Ph.D. candidate, History
I am a third year Ph.D. candidate in the Department of History at Princeton University, specializing in legal history. My proposed dissertation explores law and electoral politics at the end of empire in South Asia. Set within the emergency regimes of the Second World War and the two decades beyond, it follows the legal encounters of lawyer- politicians, intellectuals, traders and laborers as they navigated the shifting terrains of newly decolonizing nation-states. In 2014, I was awarded a dissertation planning grant from the American Institute for Sri Lankan Studies.
I graduated with a B.A., LL.B. (Hons.) from the National Law School of India University (NLSIU) Bangalore and an LL.M. from the Yale Law School. From 2010 – 2012, I served on the faculty of the NLSIU, teaching courses on legal history, comparative constitutional law and property law.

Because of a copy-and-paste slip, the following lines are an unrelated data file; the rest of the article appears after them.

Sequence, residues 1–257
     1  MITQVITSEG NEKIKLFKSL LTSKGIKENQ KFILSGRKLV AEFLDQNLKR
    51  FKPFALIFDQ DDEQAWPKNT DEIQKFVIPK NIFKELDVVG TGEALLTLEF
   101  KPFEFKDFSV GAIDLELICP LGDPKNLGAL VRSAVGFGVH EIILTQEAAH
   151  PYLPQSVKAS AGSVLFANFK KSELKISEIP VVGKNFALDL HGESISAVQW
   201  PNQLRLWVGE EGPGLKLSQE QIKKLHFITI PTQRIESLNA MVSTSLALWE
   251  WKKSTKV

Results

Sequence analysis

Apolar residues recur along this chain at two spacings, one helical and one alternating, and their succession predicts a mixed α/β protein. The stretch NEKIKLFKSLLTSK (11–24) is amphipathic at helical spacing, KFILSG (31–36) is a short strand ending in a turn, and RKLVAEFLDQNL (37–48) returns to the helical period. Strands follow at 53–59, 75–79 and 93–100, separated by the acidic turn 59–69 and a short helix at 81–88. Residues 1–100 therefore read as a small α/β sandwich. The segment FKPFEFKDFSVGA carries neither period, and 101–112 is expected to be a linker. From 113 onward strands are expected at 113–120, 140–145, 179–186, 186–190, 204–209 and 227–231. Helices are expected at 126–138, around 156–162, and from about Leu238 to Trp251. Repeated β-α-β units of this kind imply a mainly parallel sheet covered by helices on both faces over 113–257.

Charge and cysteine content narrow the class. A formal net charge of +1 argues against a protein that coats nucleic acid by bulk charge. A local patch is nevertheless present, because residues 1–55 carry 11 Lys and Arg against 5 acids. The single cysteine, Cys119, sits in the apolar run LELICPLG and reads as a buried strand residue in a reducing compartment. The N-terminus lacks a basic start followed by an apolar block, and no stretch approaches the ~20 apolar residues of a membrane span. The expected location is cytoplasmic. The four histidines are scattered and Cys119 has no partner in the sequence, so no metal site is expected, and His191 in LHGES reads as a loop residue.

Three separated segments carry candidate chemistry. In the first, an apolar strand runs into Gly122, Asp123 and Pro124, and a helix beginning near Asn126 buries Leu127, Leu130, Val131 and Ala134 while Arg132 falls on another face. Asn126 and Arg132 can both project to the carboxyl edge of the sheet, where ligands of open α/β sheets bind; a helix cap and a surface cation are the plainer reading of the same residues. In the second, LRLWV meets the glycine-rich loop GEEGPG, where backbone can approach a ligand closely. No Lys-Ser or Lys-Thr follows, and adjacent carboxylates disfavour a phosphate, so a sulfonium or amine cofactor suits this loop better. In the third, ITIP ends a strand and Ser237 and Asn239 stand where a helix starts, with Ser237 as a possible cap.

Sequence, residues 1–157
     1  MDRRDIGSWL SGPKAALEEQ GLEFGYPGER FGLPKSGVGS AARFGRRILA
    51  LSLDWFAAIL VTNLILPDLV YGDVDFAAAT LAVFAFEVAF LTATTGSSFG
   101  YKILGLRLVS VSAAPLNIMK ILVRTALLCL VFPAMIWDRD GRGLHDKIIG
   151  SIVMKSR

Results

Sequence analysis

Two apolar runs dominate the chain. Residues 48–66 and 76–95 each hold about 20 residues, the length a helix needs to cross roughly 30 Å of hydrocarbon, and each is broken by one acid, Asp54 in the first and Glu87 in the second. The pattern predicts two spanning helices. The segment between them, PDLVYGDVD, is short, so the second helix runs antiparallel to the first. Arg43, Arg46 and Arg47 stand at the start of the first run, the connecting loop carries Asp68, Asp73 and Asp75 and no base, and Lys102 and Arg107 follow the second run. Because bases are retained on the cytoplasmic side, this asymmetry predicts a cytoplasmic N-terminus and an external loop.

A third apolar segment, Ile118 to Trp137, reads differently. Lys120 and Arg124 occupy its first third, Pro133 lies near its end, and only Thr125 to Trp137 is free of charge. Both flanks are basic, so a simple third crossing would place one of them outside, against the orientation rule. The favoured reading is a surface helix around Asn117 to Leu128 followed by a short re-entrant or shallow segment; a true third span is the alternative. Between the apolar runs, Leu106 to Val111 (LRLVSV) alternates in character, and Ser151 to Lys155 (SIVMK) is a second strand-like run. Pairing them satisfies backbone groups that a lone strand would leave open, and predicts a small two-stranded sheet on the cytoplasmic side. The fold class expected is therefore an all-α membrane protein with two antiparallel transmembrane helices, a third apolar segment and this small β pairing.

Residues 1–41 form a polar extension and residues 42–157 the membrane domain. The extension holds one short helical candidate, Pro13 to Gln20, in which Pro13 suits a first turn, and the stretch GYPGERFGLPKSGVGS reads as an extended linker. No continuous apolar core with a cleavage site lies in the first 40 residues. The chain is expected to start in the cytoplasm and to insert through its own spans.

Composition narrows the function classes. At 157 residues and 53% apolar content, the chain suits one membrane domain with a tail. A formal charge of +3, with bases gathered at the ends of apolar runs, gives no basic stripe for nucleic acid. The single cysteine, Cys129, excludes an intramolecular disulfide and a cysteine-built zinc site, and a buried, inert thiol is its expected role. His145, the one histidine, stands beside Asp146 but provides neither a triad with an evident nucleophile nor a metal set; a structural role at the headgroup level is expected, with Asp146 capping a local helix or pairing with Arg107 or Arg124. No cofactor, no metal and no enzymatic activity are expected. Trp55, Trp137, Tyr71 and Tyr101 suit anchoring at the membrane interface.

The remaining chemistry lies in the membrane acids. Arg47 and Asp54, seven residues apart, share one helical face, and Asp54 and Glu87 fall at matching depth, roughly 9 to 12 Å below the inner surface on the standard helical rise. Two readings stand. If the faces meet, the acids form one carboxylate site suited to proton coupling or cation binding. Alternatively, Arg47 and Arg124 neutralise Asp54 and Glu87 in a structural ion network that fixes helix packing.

At YLS, I was an Articles Editor for the Yale Journal of Law and Humanities and an Editor for the Yale Journal of Law and Feminism. I have been published in the Indian Economic and Social History Review, South Asia Research, Socio-Legal Review and the Journal of Indian Law and Society. I have also presented my works-in-progress at the Law and Society Association, the Law and Social Sciences Network and the Association for Law, Culture and Humanities.
In 2013, I was awarded a Arthur Liman Summer Fellowship on Public Interest Law, during which I worked with the Women's Rights Division at Human Rights Watch in New York. I have also worked with India Centre for Human Rights Law and Majlis Manch in Mumbai, India and with the Legal and Constitutional Unit at the Centre for Policy Alternatives in Colombo, Sri Lanka.